While various embodiments of the present invention have been described above, it should be understood that they have been presented by way of example, and not limitation. It will be apparent to persons skilled in the relevant arts that various changes in form and detail can be made therein without departing from the scope of the invention. For example, in addition to using hardware (e.g., within or coupled to a Central Processing Unit ("CPU"), microprocessor, microcontroller, digital signal processor, processor core, System on Chip ("SOC"), or any other device), implementations may also be embodied in software (e.g., computer readable code, program code and/or instructions disposed in any form, such as source, object or machine language) disposed, for example, in a computer usable (e.g., readable) medium configured to store the software. Such software can enable, for example, the function, fabrication, modeling, simulation, description and/or testing of the apparatus and methods described herein. For example, this can be accomplished through the use of general programming languages (e.g., C, C++), hardware description languages (HDL) including Verilog HDL, VHDL, SystemC Register Transfer Level (RTL), and so on, or other available programs. Such software can be disposed in any known computer usable medium such as semiconductor, magnetic disk, optical disk (e.g., CD-ROM, DVD-ROM, etc.). Embodiments of the present invention may include methods of providing an apparatus described herein by providing software describing the apparatus and subsequently transmitting the software as a computer data signal over a communication network including the Internet and intranets.
More specifically, it is understood that the apparatus and method embodiments described herein may be included in a semiconductor intellectual property core, (e.g., embodied in HDL) and transformed to hardware in the production of integrated circuits. Additionally, the apparatus and method embodiments described herein may be embodied as a combination of hardware and software. Thus, the present invention should not be limited by any of the above-described exemplary embodiments, but should be defined only in accordance with the following claims and their equivalence. Furthermore, it should be appreciated that the detailed description of the present invention provided herein, and not the summary and abstract sections, is intended to be used to interpret the claims.
It is to be appreciated that the Detailed Description section, and not the Summary and Abstract sections, is intended to be used to interpret the claims. The Summary and Abstract sections may set forth one or more but not all exemplary embodiments of the present invention as contemplated by the inventor(s), and thus, are not intended to limit the present invention and the appended claims in any way.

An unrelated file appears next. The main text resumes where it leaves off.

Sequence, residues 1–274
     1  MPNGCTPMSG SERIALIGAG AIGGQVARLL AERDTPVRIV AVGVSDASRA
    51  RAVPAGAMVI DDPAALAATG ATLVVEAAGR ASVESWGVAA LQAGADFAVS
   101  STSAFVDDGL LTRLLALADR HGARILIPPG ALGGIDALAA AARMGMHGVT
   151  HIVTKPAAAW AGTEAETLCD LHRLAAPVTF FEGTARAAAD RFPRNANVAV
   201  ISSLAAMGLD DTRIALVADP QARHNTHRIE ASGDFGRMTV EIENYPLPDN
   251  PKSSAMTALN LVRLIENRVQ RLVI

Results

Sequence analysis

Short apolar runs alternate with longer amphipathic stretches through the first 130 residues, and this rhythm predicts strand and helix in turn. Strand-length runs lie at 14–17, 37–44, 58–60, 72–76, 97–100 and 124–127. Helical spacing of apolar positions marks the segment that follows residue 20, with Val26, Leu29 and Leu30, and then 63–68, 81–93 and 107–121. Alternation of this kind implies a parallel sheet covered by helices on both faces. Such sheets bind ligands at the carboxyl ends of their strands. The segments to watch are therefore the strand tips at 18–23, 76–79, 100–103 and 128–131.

The present invention has been described above with the aid of functional building blocks illustrating the implementation of specified functions and relationships thereof. The boundaries of these functional building blocks have been arbitrarily defined herein for the convenience of the description. Alternate boundaries can be defined so long as the specified functions and relationships thereof are appropriately performed.
The foregoing description of the specific embodiments will so fully reveal the general nature of the invention that others can, by applying knowledge within the skill of the art, readily modify and/or adapt for various applications such specific embodiments, without undue experimentation, without departing from the general concept of the present invention. Therefore, such adaptations and modifications are intended to be within the meaning and range of equivalents of the disclosed embodiments, based on the teaching and guidance presented herein. It is to be understood that the phraseology or terminology herein is for the purpose of description and not of limitation, such that the terminology or phraseology of the present specification is to be interpreted by the skilled artisan in light of the teachings and guidance.
Patent applications by David Filipe Correia Guilherme, Agualva Cacem PT
Patent applications by Jorge Miguel Alves Silva Duarte, Porto PT
Patent applications by SYNOPSYS, INC.
Patent applications in class Including Class D amplifier
Patent applications in all subclasses Including Class D amplifier